Sunshine Insurance

Composting biochar and digging it into the soil before planting is a best practice that needn't be followed in all situations. When mulch is needed, especially for warmth-loving plants, biochar could be a better choice than straw or other common dressings. As I pointed out in my previous post, this mimicking of a natural fire's residue gives the biochar an opportunity to become somewhat charged and inoculated while holding moisture in the ground.

My pepper plants basking in the heat from a top-dressing of biochar and black plastic
Plants need three things to exist: Nutrients, Water, and a suitable atmosphere that contains Light. Charging biochar with nutrients and getting it wet make it an excellent buffer for the first two needs. For the sake of completeness, I've been trying to imagine how biochar could also buffer a plant's need for light, allowing it to make sugar without total reliance on photosynthesis. If it does this, it would be by use of an alternative energy source, e.g. electric current.

The discharge of electrical currents around plants is touted by some to aid plants in many ways, including improvement of their capacity for photosynthesis. Or perhaps, rather than using light in conjunction with chlorophyll, plants can use electricity through their roots to power the transformation of CO2 and water into sugar.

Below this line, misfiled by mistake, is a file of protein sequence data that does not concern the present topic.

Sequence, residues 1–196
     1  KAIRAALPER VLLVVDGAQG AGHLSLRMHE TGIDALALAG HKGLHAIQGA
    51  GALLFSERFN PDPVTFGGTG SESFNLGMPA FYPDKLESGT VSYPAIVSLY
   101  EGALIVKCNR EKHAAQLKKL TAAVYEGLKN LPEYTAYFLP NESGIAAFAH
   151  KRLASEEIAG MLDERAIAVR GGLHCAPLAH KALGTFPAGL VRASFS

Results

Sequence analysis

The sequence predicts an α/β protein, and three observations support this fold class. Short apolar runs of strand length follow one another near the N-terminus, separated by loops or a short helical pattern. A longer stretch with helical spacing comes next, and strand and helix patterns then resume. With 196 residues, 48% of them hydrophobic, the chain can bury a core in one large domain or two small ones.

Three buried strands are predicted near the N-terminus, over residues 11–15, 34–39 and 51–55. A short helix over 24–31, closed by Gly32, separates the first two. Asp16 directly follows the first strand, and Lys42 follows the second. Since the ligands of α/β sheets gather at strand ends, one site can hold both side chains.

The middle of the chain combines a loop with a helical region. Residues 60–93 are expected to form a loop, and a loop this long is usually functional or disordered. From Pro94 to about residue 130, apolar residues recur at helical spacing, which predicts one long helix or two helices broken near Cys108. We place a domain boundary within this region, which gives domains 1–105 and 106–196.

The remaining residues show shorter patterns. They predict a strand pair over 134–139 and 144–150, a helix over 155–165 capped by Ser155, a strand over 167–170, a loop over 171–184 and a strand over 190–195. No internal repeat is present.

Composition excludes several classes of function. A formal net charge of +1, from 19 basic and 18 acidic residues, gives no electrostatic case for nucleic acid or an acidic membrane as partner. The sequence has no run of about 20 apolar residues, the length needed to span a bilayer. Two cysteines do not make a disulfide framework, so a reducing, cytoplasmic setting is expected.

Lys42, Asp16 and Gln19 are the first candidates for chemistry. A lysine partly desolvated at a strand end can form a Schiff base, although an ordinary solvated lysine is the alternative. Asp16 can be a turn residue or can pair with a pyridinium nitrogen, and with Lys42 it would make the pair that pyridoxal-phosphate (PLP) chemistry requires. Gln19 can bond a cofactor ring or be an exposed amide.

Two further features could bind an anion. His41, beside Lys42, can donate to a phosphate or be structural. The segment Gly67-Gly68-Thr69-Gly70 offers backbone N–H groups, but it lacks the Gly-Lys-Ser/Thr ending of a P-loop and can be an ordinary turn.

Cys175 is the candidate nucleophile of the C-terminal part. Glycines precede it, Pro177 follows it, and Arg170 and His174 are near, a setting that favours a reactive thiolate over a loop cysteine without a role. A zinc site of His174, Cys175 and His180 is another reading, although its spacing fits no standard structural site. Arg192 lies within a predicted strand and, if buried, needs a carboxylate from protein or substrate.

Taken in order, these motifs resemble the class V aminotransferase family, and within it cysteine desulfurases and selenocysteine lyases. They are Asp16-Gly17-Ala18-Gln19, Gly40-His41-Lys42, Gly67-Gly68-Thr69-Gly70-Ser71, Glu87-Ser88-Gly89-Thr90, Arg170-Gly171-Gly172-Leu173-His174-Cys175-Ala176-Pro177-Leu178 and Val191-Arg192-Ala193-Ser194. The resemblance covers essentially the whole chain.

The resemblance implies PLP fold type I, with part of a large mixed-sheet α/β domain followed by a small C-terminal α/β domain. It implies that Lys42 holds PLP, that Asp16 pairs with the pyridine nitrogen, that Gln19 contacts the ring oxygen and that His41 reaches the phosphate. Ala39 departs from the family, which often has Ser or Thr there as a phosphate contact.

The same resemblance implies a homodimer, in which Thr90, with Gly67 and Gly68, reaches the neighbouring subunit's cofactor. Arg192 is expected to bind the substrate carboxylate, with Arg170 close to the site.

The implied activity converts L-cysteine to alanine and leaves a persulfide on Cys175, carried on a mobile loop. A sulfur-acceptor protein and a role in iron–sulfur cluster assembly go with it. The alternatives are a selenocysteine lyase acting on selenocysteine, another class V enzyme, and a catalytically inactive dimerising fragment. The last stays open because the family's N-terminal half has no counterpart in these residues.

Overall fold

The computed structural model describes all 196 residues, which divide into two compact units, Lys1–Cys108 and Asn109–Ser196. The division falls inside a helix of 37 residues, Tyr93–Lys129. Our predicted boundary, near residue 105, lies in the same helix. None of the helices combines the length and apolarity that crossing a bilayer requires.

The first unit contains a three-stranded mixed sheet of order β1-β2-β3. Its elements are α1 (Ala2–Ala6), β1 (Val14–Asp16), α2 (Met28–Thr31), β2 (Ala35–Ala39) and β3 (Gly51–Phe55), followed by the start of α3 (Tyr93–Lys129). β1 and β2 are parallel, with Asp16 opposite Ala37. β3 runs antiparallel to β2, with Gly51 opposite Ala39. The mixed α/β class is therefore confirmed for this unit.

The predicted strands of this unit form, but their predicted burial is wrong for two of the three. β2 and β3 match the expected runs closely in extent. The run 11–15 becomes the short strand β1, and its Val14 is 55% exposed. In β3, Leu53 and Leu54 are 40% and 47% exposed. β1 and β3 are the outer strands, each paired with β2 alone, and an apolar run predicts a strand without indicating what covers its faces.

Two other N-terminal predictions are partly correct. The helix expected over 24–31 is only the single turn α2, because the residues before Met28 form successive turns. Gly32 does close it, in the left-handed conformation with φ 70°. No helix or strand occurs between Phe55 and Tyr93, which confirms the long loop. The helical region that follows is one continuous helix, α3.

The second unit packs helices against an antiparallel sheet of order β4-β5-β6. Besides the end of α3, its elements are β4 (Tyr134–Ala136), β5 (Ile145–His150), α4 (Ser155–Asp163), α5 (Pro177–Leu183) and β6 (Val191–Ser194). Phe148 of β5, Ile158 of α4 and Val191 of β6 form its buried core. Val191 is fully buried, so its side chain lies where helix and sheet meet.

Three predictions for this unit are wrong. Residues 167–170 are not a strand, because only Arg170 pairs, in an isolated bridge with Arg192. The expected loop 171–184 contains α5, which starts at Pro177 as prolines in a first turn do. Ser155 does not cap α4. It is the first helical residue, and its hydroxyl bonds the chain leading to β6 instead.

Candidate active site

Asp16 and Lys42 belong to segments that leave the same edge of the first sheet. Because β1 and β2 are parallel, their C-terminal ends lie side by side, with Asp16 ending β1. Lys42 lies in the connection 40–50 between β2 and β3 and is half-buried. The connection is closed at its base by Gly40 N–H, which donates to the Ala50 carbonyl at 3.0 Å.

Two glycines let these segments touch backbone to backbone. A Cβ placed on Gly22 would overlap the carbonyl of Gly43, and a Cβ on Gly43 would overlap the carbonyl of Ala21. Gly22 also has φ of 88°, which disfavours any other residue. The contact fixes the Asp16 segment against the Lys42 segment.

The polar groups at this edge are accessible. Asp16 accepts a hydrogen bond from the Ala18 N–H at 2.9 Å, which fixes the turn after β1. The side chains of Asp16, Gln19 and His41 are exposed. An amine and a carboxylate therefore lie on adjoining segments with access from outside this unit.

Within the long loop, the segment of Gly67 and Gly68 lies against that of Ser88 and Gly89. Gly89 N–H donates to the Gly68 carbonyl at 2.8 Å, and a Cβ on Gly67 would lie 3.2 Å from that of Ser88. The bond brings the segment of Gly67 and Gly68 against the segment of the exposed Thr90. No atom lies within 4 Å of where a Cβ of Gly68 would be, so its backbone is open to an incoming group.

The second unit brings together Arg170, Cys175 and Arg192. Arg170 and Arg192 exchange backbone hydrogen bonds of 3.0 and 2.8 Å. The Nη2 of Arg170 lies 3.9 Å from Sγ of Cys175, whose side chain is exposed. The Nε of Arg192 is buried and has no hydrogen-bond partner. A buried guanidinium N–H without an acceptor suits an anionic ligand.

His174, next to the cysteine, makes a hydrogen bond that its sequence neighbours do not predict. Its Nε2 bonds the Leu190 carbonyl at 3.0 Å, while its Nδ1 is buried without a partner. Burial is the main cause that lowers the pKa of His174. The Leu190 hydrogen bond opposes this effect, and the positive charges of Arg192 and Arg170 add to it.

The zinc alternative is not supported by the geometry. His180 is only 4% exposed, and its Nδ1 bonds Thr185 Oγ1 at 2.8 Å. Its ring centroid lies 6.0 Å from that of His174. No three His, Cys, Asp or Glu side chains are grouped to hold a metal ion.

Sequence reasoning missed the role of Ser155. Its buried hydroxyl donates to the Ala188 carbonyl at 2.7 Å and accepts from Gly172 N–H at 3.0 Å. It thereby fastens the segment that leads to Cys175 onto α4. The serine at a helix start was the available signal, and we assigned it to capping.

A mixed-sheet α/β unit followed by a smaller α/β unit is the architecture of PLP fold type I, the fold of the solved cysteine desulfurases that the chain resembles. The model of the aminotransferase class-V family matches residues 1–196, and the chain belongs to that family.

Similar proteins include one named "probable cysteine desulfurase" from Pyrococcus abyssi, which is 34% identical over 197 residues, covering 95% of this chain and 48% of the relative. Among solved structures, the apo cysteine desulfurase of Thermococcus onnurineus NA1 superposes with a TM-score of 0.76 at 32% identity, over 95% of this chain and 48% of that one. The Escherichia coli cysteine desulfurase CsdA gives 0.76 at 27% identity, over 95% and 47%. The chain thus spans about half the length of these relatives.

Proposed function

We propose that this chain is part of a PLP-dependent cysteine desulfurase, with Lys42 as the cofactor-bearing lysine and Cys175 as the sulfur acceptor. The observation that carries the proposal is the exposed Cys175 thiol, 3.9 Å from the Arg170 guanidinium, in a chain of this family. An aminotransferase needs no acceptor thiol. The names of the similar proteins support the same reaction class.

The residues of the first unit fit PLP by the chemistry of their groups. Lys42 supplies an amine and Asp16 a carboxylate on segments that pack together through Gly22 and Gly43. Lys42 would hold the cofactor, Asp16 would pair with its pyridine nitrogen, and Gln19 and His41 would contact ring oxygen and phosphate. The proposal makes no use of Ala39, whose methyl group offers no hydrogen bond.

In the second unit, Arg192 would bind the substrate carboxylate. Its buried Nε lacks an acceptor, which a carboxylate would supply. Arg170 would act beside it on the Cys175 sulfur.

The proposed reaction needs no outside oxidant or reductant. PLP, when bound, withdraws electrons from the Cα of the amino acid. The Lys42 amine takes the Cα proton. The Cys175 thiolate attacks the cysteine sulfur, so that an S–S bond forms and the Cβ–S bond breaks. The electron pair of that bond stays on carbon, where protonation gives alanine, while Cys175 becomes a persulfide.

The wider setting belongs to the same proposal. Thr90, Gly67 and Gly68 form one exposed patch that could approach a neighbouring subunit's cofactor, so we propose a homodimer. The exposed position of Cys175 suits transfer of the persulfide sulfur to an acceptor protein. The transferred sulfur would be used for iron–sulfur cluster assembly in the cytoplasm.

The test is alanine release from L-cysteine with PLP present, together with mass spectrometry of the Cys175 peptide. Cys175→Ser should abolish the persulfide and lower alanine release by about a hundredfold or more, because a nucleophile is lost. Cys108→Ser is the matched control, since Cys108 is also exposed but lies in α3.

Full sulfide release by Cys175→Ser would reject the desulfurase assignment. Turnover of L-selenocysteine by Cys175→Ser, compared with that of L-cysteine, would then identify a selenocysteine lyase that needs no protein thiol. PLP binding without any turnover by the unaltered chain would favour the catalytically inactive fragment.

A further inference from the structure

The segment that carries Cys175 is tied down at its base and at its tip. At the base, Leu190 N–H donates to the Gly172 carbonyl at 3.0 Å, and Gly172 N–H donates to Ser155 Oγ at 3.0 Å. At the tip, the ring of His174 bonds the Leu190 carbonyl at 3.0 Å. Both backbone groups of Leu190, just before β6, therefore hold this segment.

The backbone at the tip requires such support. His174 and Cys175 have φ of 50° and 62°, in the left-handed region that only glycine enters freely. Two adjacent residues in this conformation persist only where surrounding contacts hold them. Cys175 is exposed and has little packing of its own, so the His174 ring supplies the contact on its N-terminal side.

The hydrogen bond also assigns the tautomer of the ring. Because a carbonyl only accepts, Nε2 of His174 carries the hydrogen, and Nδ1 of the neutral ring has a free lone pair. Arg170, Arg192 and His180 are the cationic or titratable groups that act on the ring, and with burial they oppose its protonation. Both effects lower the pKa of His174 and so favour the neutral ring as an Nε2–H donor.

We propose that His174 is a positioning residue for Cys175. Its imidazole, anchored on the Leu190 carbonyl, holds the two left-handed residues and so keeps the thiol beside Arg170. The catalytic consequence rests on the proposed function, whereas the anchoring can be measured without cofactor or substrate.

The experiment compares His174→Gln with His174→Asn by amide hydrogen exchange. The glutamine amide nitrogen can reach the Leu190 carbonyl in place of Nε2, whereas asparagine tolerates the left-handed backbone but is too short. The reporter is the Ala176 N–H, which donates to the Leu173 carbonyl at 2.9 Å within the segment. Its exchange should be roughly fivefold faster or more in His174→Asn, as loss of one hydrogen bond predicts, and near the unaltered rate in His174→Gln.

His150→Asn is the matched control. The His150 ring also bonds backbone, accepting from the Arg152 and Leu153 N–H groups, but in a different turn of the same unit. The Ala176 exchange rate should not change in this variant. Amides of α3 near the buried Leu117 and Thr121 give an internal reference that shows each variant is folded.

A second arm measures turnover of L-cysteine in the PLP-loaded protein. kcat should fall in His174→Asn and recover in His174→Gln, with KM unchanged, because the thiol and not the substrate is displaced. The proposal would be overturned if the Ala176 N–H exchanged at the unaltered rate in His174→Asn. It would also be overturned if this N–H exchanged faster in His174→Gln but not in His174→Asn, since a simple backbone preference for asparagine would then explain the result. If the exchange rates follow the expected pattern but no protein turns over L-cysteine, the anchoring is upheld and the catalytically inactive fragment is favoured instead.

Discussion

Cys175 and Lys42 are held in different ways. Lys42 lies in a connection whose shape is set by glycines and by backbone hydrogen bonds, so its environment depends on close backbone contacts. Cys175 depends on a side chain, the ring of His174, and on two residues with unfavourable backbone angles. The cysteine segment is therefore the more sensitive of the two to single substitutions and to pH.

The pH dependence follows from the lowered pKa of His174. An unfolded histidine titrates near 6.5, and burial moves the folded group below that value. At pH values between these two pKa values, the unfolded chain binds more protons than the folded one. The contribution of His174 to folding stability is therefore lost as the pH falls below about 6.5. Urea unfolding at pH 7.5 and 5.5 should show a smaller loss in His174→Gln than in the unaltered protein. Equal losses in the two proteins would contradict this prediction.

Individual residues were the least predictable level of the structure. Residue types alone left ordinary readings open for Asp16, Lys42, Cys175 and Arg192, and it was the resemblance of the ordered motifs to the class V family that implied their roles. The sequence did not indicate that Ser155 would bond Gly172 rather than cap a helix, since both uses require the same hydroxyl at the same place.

Biochar has a quasi-graphene micro-crystalline structure that could make it able to generate photoelectrons by sunlight impingement, which it might then store capacitively until its conductivity is raised by filling with rainwater, allowing the electrons to discharge into the ground. Alternatively, rain could deposit cations on the graphene-like micro-crystals to trigger current. In these ways, biochar top-dressings might act as a photosynthesis buffer on rainy days when sunlight is lacking.

These conjectures enable me to maintain the notion that biochar can provide assurance of plants' three essential inputs. If biochar provides sufficient assurance, then maybe the government will see fit someday to subsidize farmers with biochar instead of crop insurance.

Now, (speaking of assurance) I doubt that exposure to the elements is going to fully prepare biochar for incorporation into the soil over a single season. Using a 50-50 mix of compost and biochar as a top-dressing, however, might be just the ticket.


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